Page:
“Ok, we’re all done,” the ultrasound tech told us. “I did see something fairly concerning, though.”
I steeled myself.
“Ok?” I replied.
“Have you ever heard of spina bifida?”
Honestly, the only context I had for spina bifida was Zola Grey Shepherd, the African orphan adopted by Derek and Meredith on Grey’s Anatomy. I had no idea what it was, but I knew Derek had fixed her with his magic neurosurgeon hands and she was a perfectly normal girl. But that was TV, and this was real life. Magic neurosurgeon hands like Derek Shepherd’s do not exist in real life.
The ultrasound tech had us wait in the waiting room, while she called our nurse practitioner across the building to alert her to our situation. As we waited, I began to cry. After a preterm delivery with Haven, all I wanted was a healthy baby and a normal delivery.
Waited, and waited.
In the spina bifida world, they always say, stay off of Google. Google is your worst enemy. I couldn’t help myself. Sitting there with the name of a diagnosis but no knowledge except for Zola Shepherd was agonizing. I Googled.
A birth defect in which a developing baby’s spinal cord fails to develop properly.
Can’t be cured, but treatment may help.
Pictures of babies with round, open defects on their backs.
“What is spina bifida?” Josh asked me. “I don’t really know,” I told him. “But I know it’s not good.”
We were finally called back to speak with the nurse practitioner. She told us that the baby had a neural tube defect, and the ultrasound would be reviewed for further information for official diagnosis. She said that the defect was low, which usually means less of an impact on mobility.
I felt ridiculous for crying, but I just couldn’t believe this was happening. As we listened to the nurse practitioner, I sat with a tissue scrunched in my hand, wondering why we had to go through even more than we already had. Miscarriage. Premature birth and a NICU stay. Now, this???
As we left, we began to call our family and friends to let them know. I felt shattered. This baby I was carrying suddenly felt foreign. I felt like I was pregnant with a diagnosis, not with a baby.
We had asked the ultrasound tech to write down the gender and place it in an envelope, so we could be surprised at our gender reveal party two days later. After learning of the baby’s diagnosis, we questioned if we even wanted to do the party anymore. Hanging blue and pink decorations and cheerfully holding my belly in anticipation of learning if it was a boy or a girl was the last thing I felt like doing. But, we decided to go ahead with the party. I knew that if we just opened the envelope, we would be disappointed with how we found out, and we needed something to be fun.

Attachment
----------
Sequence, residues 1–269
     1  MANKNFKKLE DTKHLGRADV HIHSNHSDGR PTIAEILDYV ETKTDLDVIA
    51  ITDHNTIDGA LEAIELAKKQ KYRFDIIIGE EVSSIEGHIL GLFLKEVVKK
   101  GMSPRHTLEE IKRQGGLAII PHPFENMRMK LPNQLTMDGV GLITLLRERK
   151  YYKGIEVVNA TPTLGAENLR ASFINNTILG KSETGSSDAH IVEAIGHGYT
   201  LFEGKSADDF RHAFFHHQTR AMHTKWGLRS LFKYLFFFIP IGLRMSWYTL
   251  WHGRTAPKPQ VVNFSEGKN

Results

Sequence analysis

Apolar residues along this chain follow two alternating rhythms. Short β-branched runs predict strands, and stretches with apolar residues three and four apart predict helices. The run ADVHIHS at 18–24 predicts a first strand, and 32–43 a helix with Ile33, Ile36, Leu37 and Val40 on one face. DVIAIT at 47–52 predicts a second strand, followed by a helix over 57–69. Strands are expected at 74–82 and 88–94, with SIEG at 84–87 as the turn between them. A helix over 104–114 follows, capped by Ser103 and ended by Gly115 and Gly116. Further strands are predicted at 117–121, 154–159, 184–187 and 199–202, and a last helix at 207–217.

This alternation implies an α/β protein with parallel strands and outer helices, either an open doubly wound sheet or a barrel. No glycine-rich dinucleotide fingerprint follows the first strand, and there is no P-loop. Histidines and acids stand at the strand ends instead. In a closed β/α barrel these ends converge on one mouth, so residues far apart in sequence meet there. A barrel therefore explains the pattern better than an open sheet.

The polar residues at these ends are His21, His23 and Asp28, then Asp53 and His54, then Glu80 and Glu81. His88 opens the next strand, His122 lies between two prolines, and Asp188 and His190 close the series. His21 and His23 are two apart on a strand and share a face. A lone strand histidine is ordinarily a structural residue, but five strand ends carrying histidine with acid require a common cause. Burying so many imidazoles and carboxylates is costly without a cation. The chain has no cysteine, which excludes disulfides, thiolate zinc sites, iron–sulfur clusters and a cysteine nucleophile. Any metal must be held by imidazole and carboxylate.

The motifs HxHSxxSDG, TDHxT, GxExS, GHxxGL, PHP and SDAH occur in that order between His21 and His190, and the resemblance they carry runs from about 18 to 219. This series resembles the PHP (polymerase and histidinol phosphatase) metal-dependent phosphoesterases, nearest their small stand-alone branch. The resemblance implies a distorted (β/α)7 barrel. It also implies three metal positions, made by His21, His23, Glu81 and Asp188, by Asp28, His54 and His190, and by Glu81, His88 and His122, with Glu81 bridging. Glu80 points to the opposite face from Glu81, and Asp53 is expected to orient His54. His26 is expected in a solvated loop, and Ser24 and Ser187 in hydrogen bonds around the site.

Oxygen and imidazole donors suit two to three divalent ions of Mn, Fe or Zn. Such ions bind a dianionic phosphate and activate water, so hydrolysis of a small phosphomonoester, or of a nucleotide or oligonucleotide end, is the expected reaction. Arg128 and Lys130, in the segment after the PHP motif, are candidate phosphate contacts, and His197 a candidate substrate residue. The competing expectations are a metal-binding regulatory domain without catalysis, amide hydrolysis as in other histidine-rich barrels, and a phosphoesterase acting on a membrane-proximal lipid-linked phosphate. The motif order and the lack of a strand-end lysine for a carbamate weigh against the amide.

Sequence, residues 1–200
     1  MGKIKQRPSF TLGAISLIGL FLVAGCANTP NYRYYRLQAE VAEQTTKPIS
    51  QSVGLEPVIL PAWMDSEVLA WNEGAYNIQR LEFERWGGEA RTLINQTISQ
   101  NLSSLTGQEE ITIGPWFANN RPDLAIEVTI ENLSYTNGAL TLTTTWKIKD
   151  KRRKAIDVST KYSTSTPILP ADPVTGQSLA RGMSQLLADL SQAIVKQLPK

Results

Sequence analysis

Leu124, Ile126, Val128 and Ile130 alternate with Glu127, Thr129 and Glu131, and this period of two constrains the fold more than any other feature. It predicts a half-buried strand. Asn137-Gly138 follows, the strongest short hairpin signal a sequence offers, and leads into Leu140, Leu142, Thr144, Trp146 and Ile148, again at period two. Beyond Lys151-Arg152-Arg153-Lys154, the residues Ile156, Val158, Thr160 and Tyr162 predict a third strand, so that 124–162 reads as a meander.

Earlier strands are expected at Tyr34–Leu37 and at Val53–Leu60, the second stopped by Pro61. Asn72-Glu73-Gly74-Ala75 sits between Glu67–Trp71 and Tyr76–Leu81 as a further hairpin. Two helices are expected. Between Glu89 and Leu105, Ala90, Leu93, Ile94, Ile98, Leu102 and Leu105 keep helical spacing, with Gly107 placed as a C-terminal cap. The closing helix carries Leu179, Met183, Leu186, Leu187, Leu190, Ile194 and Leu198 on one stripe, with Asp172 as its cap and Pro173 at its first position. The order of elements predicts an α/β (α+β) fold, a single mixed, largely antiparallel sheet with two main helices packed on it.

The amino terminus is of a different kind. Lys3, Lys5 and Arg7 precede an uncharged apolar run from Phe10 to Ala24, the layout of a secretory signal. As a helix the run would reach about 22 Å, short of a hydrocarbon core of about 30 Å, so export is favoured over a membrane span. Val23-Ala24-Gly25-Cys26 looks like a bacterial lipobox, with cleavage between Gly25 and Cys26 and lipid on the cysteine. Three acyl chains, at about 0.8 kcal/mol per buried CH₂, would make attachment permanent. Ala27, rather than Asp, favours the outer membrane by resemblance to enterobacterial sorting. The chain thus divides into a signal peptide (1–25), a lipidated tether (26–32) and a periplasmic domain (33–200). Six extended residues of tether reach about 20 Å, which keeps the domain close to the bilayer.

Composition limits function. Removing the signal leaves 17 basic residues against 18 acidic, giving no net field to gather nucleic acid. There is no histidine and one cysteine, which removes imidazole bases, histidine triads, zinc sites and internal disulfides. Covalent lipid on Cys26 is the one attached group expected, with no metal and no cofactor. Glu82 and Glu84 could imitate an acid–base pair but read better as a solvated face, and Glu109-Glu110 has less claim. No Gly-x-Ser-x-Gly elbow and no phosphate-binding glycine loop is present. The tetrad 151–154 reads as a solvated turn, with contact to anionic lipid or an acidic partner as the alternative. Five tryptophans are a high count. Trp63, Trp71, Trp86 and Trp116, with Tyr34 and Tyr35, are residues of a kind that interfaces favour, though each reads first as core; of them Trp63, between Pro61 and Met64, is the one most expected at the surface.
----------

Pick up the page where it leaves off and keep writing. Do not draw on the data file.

The next day, as I drove back from the house of my friend who was hosting the party, I found myself alone in the car. The tears came slowly, then turned into sobs. It was the first time I really let myself vocalize the grief I felt. I don’t want this, I sobbed. It’s too much.
I couldn’t be the parent of a disabled kid. I had never even considered the possibility, but the reality was suddenly thrust upon me, and it felt overwhelming.
The next day, I was able to pull myself together a bit more. It was party day, and I was relieved that I would finally learn more about who this person was. I needed to bring my mind back to the baby, not the diagnosis.
We had planned a fun, backyard grill out for our gender reveal. A few days before, we gave the envelope with the gender to a friend, and she had ordered Holi powder, the colored powder used in the Indian festival called Holi, as well as in color runs. When I had envisioned this gender reveal months before, I imagined a cloud of pink or blue colored powder floating through the air. We had done silly string for Haven’s reveal, so I thought Holi powder was as least as fun, if not more fun, than silly string.
We ate burgers and macaroni salad, kids ran through the sprinkler, and friends made guesses about the baby’s gender. They all knew of the diagnosis, and solemn talk about what it meant for the baby was peppered in with the excitement of learning if it was a boy or a girl. I felt mostly happy, but the party was still tinged with sadness.
It was finally time. Our friend in the know brought out the men’s black dress socks filled with the powder (random, I know. It was the best solution I could come up with for a container that you could reach into but not see). Josh and I were given a sock each, and we reached in to pull the powder out to throw in the air. The sock bounced off of my belly, leaving a pink mark.
“It’s a girl! It’s a girl!” One of the kids yelled out. I was a little disappointed I didn’t find out with the cloud of colored powder I had imagined, but I threw it in the air, anyway. Everyone cheered. Socks were passed out to everyone, and a pink powder fight ensued. It was quickly realized that the best way to color fight was by hitting each other with the socks. It was as fun as it was hilarious.
I turned to Haven, on my hip. “You’re going to have a sister!”
The next day, we decided to name her. Just like with the gender reveal, we needed to know her as a person, as more than her diagnosis.
We decided on Eisley Mae, and made a fun video with Haven to announce it to our family and friends.
Over the next weeks and months, as we learned more about Eisley, spina bifida became less scary. We knew she would have to have surgery right after birth to close the defect, we knew that she would definitely have a NICU stay, and we knew that she might have issues with mobility and might need a shunt to drain the extra fluid from her brain.
But she was still Eisley, and as my sister reminded me, she was always meant to be a part of our family, and we were meant to be her parents. And I’m so thankful she is ours.